SDB:Create a Live USB stick using Windows

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These instructions explain how to create a bootable USB stick to install openSUSE from the LiveCD isos or from the DVD (which were originally intended for optical media).

Version: 12.2+ This applies to openSUSE 12.2 and above.

Warning: While these instructions might work for others distributions, it's recommended to check the desired distribution's own wiki to avoid any problem.

Using Etcher

The Etcher program almost never fails and is the most straightforward method. It is also an open source software. It is recommended to consider this method before any other one.
The Etcher Logo
  1. Download the current ISO image of openSUSE Leap or Tumbleweed. The filename ends with ".iso".
  2. Download, install and start Etcher
  3. Select the OpenSuse .iso file you just downloaded using the "Select Image" button.
  4. Plug a USB drive into you computer, if it's the only drive connected to your computer, it will be automatically selected. If not, select it.
    Warning: All data on the drive will be destroyed. The drive can be reformatted and used as a normal drive again after the setup is finished.
  5. Click "Flash". The process of burning can last from 1 to up to 30 minutes depending on your drive and on the iso file.
  6. Unplug the USB drive. It now contains a bootable openSUSE installation.

Using Rufus

Warning: These instructions were for versions earlier than Leap 42.x and may not work. To create a bootable USB drive in Windows, you might try this utility, instead: ImageUSB
Prepare USB drive with Rufus
  1. Download the current ISO image of openSUSE Leap or Tumbleweed. The filename ends with ".iso".
  2. Download and start Rufus
  3. Plug a USB drive into you computer and select it in Rufus (see screenshot)
    Warning: All data on the drive will be destroyed. The drive can be reformatted and used as a normal drive again after the setup is finished.
  4. Select the .iso file in Rufus with a click on the CD drive button located on the center right of the window. This should then automatically change some settings. Especially "Create a bootable disk using" should change to "DD Image".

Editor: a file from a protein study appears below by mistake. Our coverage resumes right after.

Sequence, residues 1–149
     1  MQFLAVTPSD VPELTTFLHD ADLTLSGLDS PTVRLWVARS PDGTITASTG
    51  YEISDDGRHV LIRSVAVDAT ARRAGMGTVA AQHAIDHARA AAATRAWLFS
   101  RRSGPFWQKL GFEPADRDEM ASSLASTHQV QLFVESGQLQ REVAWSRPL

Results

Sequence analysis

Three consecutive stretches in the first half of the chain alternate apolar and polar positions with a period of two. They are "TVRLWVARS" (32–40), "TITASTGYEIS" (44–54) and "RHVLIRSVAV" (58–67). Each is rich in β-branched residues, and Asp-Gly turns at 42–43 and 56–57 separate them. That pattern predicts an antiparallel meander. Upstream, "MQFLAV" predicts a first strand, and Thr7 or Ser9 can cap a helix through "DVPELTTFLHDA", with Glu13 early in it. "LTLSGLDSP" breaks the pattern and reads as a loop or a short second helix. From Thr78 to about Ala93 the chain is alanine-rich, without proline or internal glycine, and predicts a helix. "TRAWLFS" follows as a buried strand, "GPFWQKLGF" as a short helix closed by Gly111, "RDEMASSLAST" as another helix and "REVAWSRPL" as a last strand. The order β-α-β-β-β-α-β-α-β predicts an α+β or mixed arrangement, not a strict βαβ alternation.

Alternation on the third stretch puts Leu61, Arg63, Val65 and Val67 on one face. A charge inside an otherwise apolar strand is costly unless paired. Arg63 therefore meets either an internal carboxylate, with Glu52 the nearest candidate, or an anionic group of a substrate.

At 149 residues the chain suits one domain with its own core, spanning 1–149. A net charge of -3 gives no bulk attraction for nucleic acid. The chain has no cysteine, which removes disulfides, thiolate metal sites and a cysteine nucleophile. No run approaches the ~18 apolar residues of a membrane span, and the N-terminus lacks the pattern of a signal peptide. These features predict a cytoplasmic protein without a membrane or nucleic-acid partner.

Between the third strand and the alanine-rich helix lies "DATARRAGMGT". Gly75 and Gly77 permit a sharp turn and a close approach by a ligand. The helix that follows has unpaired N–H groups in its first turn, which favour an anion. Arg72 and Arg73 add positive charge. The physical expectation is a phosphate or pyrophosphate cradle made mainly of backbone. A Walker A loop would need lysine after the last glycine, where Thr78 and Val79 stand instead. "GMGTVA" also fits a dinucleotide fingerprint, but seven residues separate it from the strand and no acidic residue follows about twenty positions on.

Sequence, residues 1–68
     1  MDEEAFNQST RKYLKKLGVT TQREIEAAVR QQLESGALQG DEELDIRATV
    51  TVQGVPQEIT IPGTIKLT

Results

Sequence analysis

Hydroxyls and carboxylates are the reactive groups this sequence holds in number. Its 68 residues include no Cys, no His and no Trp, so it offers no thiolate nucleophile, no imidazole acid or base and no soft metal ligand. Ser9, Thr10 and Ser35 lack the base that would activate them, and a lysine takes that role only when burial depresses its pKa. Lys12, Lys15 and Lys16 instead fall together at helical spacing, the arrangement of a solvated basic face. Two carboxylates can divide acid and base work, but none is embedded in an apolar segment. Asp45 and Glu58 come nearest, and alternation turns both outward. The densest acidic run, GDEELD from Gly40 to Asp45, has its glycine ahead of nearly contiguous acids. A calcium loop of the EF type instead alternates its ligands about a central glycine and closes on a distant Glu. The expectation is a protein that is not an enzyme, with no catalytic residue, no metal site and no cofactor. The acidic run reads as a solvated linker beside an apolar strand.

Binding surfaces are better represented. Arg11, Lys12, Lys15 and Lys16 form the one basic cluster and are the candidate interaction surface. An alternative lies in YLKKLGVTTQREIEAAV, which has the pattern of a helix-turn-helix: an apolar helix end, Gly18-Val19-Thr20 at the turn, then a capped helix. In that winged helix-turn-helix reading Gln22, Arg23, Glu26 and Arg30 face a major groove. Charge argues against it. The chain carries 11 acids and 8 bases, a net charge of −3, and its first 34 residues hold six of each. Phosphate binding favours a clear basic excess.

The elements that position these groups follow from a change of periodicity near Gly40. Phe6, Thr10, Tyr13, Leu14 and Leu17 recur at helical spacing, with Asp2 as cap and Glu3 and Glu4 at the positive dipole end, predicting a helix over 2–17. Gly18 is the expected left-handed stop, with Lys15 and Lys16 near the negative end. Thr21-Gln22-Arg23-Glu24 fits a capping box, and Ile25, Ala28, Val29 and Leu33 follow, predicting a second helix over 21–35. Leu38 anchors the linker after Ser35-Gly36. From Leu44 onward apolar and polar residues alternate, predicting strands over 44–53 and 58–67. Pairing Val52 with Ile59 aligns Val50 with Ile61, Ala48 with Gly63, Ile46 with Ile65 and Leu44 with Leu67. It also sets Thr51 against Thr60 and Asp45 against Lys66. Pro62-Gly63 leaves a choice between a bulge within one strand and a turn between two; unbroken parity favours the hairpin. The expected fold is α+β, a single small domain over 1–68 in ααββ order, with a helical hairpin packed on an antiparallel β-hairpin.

5. Click "Start". Rufus may ask you to choose one mode from "ISO Image mode" or "DD Image mode". Normally, "DD Image mode" should be used. The copy process takes a couple of minutes. Note: Because of bug #939456, you could try to use "ISO Image mode" for ThinkPad laptop, e.g. ThinkPad T470s, if you cannot boot the laptop with the USB stick made with "DD Image mode".
  6. Unplug the USB drive. It now contains a bootable openSUSE installation.

Using ImageUSB

Download ImageUSB and follow the instructions on their page.

Using SUSE Studio ImageWriter

We used to have SUSE Studio ImageWriter compiled for windows, but this is not maintained anymore. Feel free to fork it and build/maintain the windows version yourself.

Using GRUB4DOS

GRUB4DOS can be installed using RMPrepUSB

This method will keep all current data in your USB medium. Demonstration is provided in this video. Note: These instruction will not work, if your computer boots via UEFI (like most computers made after ~2011-2012 and all computers with preinstalled Windows 8/8.1/10); at first you must go to BIOS, enable Legacy boot (i.e. dissable UEFI/secure boot option)!

  • Copy ISO into "boot" folder of USB flash.
  • Extract "initrd" and "linux" files into "boot" folder of USB medium. These files located in boot\i386\loader or boot\x86_64\loader directory of ISO image. For ISO mounting you can use, for example, Pismo File Mount Audit Package.
  • GRUB4DOS installation into MBR of USB flash:
    1. download RMPrepUSB and install it;
    2. start RMPrepUSB;
    3. select your medium;
    4. click "Install GRUB4DOS";
    5. confirm GRUB installation to MBR;
    6. confirm GRUB installation to selected medium;
    7. confirm GRLDR copying into selected medium.
  • Create "menu.lst" file in root folder of USB key. Content of "menu.lst" should be (in both places – in line 2 and in line 5 – replace openSUSE.iso with real name of your ISO file):
timeout 10

title openSUSE.iso
uuid () > nul
set UUID=%?%
set ISO=openSUSE.iso
kernel /boot/linux isofrom=/dev/disk/by-uuid/%UUID%:/boot/%ISO% isofrom_device=/dev/disk/by-uuid/%UUID% isofrom_system=/boot/%ISO% loader=syslinux splash=silent quiet
initrd /boot/initrd

Reboot your computer from USB stick.

Troubleshooting

Write access problems

If you get write access problems with the USB drive you can try to reformat the drive in Windows prior to writing the image.

Ms Windows Partitioning Tool

This situation would happen very rarely, but in the even that your computer doesn't boot from the LiveUSB/DVD from the steps above, you might try the following procedure.

C:\> diskpart
DISKPART> list disk           «--- print disks
DISKPART> select disk N       «--- select disk number
Warning: Make certain you choose the number that corresponds to your USB device!
DISKPART> list partition      «--- print partition table
DISKPART> select partition 1  «--- select the first partition
DISKPART> active              «--- activate disk/partition (bootable)
DISKPART> exit                «--- exit

Unlike fdisk, diskpart will perform changes as you enter them, therefore, there is no write instruction.